Date of this Version
2016 The Authors. Ecology and Evolution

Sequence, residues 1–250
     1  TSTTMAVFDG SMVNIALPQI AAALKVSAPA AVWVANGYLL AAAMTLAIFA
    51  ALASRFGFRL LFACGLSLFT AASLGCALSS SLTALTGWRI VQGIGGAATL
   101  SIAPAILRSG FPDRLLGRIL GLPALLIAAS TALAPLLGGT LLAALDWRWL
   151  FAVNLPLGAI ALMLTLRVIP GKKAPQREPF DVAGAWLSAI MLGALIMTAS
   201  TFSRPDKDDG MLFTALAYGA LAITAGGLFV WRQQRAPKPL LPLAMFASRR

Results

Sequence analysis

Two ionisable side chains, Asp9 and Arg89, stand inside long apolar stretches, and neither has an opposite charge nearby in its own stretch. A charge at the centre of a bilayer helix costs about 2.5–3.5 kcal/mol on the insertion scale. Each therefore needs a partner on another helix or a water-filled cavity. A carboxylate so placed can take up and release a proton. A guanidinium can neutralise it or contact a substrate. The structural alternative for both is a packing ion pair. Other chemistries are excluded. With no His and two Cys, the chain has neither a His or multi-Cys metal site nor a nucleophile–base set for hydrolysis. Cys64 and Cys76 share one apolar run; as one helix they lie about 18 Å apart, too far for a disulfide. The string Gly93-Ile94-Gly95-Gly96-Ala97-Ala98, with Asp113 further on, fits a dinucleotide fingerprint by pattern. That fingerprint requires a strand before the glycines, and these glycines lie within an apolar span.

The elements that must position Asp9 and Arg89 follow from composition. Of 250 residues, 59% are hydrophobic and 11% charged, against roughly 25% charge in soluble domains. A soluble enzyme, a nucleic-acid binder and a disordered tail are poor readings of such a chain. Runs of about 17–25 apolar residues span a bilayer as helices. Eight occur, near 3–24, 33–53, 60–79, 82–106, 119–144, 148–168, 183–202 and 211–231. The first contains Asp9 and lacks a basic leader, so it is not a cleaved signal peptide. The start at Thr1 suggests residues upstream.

Behavioral shifts can initiate morphological evolution by pushing lineages into new adaptive zones. This has primarily been examined in ecological behaviors, such as foraging, but social behaviors may also alter morphology. Swallows and martins (Hirundinidae) are aerial insectivores that exhibit a range of social behaviors, from solitary to colonial breeding and foraging. Using a well-resolved phylogenetic tree, a database of social behaviors, and morphological measurements, we ask how shifts from solitary to social breeding and foraging have affected morphological evolution in the Hirundinidae. Using a threshold model of discrete state evolution, we find that shifts in both breeding and foraging social behavior are common across the phylogeny of swallows. Solitary swallows have highly variable morphology, while social swallows show much less absolute variance in all morphological traits. Metrics of convergence based on both the trajectory of social lineages through morphospace and the overall morphological distance between social species scaled by their phylogenetic distance indicate strong convergence in social swallows, especially socially foraging swallows. Smaller physical traits generally observed in social species suggest that social species benefit from a distinctive flight style, likely increasing maneuverability and foraging success and reducing in-flight collisions within large flocks. These results highlight the importance of sociality in species evolution, a link that had previously been examined only in eusocial insects and primates.